Sensible World of Soccer was designed and developed by Sensible Software as the 1994 sequel to their 1992 hit game Sensible Soccer which combined a 2D football game with a comprehensive manager mode. All the players in all of the teams from all of the professional leagues in the world from that time are included, as well as all of the national and international competitions for all club and national teams around the world. Altogether there are over 1,500 teams and 27,000 players included in the game. Although the gameplay is very simple (just eight directions and one fire button needed) a large variety of context sensitive actions can be performed easily without any predefined keys.
99 / 100144.95
Score! Hero, from the award winning makers of Score! World Goals, Dream League Soccer & First Touch Soccer.
BE THE HERO! Pass, Shoot & Score your way to legendary status, as you explore the dramatic career of your HERO player over 460 challenging levels!
Immersive free flowing 3D Score! Gameplay lets you control the action. Split defences with precise through balls, or bend shots into the top corner, putting you in control for an unrivalled mobile soccer experience.
90 / 10024.5
The 16-bit sequel to NES Play Action Football. Graphics are from the same three-quarters perspective as the original. There are now three levels of play to choose from: high school, college, or professional. All 28 real NFL teams are included, but Nintendo did not secure the NFLPA or NCAA licenses, so there are no real player names or real universities. College play features weekly poll rankings, conference schedules, and bowl games. NFL play includes both the regular season and playoffs.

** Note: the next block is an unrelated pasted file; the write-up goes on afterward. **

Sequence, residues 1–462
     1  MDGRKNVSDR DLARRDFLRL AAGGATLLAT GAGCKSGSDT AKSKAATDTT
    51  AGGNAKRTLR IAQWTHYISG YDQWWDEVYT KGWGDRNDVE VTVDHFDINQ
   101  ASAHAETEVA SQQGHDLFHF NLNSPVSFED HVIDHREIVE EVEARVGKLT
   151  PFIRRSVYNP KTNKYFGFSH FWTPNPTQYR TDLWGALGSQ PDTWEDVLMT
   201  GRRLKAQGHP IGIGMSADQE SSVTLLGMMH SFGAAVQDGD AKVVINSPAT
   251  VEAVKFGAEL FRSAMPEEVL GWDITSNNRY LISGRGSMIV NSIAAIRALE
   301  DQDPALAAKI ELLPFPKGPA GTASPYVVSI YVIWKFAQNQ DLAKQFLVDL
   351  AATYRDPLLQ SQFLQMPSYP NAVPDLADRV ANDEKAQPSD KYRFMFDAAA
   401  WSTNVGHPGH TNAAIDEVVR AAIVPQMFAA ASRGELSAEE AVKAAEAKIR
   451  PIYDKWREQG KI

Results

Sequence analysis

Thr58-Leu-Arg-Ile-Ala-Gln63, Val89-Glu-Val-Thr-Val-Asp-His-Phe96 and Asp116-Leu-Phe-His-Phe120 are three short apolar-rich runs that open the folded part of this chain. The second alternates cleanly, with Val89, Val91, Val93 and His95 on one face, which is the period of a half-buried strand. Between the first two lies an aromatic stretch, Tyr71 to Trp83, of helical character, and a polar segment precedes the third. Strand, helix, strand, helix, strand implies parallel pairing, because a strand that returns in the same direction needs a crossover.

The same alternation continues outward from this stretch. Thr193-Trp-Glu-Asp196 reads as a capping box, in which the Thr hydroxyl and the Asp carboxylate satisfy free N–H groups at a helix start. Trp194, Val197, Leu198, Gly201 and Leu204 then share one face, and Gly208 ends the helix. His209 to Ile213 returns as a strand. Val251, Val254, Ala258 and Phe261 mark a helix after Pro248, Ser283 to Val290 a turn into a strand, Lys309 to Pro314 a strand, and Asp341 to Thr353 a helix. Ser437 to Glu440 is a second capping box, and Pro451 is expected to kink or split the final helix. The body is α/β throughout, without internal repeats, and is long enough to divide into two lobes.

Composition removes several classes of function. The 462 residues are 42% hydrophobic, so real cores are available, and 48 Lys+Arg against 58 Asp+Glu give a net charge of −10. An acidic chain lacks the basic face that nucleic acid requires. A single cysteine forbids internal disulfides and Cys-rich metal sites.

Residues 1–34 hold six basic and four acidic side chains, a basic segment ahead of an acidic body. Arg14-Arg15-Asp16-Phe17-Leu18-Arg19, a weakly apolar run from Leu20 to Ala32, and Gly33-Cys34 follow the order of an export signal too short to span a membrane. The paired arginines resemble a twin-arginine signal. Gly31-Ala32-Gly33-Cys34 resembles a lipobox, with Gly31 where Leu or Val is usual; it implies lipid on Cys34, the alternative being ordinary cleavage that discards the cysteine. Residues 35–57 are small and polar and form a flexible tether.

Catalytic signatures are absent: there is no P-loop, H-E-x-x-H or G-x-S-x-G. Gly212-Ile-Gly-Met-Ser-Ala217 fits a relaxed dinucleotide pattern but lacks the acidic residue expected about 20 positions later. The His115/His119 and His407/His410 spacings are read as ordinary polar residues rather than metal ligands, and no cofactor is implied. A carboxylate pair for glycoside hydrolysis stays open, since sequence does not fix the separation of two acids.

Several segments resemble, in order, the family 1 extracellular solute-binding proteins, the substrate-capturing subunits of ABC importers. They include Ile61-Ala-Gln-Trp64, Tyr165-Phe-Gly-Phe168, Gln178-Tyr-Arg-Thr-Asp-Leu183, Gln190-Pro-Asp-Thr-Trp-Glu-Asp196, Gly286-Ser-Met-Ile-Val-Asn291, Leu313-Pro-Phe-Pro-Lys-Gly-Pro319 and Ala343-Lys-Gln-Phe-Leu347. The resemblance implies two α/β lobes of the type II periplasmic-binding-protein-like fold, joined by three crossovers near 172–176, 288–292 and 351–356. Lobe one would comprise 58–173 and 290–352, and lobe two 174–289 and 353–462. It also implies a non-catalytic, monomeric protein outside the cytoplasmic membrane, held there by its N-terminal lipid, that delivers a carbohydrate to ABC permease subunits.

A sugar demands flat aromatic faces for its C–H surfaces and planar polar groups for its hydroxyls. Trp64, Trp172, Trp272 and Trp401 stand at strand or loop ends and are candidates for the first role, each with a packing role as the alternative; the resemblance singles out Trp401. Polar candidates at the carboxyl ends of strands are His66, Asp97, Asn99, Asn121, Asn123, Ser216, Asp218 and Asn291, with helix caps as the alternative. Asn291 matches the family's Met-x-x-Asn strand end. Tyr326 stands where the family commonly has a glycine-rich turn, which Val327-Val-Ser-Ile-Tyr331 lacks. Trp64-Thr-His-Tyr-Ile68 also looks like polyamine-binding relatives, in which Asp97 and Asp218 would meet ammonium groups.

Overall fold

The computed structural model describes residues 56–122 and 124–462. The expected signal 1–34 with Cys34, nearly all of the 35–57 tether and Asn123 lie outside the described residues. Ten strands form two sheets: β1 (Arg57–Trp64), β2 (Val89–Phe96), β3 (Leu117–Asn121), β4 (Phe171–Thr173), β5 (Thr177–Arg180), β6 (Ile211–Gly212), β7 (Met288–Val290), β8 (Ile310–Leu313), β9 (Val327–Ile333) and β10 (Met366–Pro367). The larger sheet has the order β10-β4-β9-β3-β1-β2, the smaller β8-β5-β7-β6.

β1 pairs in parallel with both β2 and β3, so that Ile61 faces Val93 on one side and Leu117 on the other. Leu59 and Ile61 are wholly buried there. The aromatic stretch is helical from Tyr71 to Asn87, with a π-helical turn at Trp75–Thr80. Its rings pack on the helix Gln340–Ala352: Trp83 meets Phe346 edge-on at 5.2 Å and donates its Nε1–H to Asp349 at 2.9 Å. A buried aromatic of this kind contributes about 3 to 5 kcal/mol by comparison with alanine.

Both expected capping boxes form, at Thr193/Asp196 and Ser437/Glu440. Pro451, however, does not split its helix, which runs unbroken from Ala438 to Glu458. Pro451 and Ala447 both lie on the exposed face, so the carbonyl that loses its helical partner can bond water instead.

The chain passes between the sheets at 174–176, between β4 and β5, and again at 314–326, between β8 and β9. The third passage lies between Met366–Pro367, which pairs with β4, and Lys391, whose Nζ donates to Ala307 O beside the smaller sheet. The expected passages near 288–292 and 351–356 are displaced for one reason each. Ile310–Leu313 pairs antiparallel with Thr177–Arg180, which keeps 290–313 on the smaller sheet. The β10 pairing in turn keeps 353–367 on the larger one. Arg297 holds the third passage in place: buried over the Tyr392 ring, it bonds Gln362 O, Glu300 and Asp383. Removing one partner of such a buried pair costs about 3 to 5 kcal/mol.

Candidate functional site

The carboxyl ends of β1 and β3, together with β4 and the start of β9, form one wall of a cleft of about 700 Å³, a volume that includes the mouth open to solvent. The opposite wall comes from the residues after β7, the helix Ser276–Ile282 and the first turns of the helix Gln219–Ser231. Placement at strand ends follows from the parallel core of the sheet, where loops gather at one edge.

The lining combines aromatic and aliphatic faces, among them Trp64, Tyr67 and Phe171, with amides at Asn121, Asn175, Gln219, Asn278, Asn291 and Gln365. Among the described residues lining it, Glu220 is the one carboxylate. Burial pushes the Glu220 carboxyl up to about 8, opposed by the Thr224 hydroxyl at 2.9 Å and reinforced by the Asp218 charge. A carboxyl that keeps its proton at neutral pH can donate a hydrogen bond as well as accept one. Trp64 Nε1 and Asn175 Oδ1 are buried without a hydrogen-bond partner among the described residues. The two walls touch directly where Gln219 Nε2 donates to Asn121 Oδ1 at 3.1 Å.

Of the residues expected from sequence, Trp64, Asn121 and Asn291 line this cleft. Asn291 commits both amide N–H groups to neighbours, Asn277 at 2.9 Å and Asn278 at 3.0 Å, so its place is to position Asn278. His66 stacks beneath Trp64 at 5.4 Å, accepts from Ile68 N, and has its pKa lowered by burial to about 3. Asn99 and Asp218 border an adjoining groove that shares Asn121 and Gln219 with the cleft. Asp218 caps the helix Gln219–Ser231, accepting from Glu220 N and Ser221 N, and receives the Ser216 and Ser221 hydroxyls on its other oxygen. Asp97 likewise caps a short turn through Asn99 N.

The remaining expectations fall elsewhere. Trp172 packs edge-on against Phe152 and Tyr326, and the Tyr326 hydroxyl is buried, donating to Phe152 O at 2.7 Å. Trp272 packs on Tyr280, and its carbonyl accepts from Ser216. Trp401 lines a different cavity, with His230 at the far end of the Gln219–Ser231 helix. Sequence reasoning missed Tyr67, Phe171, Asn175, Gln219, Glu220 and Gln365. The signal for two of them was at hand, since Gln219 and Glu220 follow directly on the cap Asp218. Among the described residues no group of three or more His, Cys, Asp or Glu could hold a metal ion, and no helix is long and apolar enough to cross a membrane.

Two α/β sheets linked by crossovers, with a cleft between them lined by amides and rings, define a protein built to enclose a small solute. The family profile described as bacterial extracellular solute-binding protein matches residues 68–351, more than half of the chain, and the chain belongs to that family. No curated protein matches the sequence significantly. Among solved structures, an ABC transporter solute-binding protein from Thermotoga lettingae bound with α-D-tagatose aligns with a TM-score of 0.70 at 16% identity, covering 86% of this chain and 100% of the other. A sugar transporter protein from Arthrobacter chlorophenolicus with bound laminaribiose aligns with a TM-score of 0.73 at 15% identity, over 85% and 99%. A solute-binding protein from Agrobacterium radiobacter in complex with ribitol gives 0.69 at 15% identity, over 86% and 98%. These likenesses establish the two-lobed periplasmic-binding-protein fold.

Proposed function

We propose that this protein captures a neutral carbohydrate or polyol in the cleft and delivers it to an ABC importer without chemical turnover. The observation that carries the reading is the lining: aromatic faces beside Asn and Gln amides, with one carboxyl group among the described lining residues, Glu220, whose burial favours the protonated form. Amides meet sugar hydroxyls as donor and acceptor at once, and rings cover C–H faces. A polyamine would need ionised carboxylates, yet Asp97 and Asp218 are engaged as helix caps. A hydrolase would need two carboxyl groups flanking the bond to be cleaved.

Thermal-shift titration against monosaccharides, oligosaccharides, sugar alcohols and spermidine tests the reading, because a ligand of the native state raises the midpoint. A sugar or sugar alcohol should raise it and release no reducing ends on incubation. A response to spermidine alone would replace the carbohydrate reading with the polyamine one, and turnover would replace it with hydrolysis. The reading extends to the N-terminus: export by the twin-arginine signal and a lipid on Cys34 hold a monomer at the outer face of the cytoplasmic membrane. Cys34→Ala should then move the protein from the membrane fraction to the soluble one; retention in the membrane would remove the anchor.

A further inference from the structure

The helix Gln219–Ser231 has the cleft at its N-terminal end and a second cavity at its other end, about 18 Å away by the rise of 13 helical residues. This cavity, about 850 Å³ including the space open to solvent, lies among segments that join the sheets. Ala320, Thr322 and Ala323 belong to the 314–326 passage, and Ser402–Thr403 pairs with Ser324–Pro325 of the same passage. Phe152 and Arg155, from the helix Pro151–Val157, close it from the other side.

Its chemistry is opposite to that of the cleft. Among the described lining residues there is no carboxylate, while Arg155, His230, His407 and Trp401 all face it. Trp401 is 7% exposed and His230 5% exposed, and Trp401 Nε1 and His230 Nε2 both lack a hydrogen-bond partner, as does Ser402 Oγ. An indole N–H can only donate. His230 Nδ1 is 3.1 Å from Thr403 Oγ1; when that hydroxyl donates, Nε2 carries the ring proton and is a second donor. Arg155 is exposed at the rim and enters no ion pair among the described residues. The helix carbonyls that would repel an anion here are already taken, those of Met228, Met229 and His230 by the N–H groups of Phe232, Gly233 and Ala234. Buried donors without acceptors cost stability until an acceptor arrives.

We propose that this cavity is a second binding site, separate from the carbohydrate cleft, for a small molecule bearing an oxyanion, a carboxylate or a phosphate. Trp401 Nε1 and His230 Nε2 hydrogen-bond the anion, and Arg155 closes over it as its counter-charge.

Backyard Football '10, features new co-op play for exciting 2 vs 2 action and is packed with a roster full of NFL superstars featured as animated middle-schoolers in the game. The game featuring top NFL players as kids and combines realistic NFL plays and strategies with wild arcade style power moves and comical scenarios so gamers of all ages can learn the fundamentals of football while having fun. Multiple levels make it easy enough for beginners, yet challenging enough for even die-hard football fans.
In addition to new co-op, 2 vs. 2 multi-player action, Backyard Football '10 features enhanced controls, new unlockables, insane power ups, custom teams and characters, multiple play modes (single player, season play, tournament and all-pro) as well as a hall of fame from Backyard Football '09.
70 / 10003.5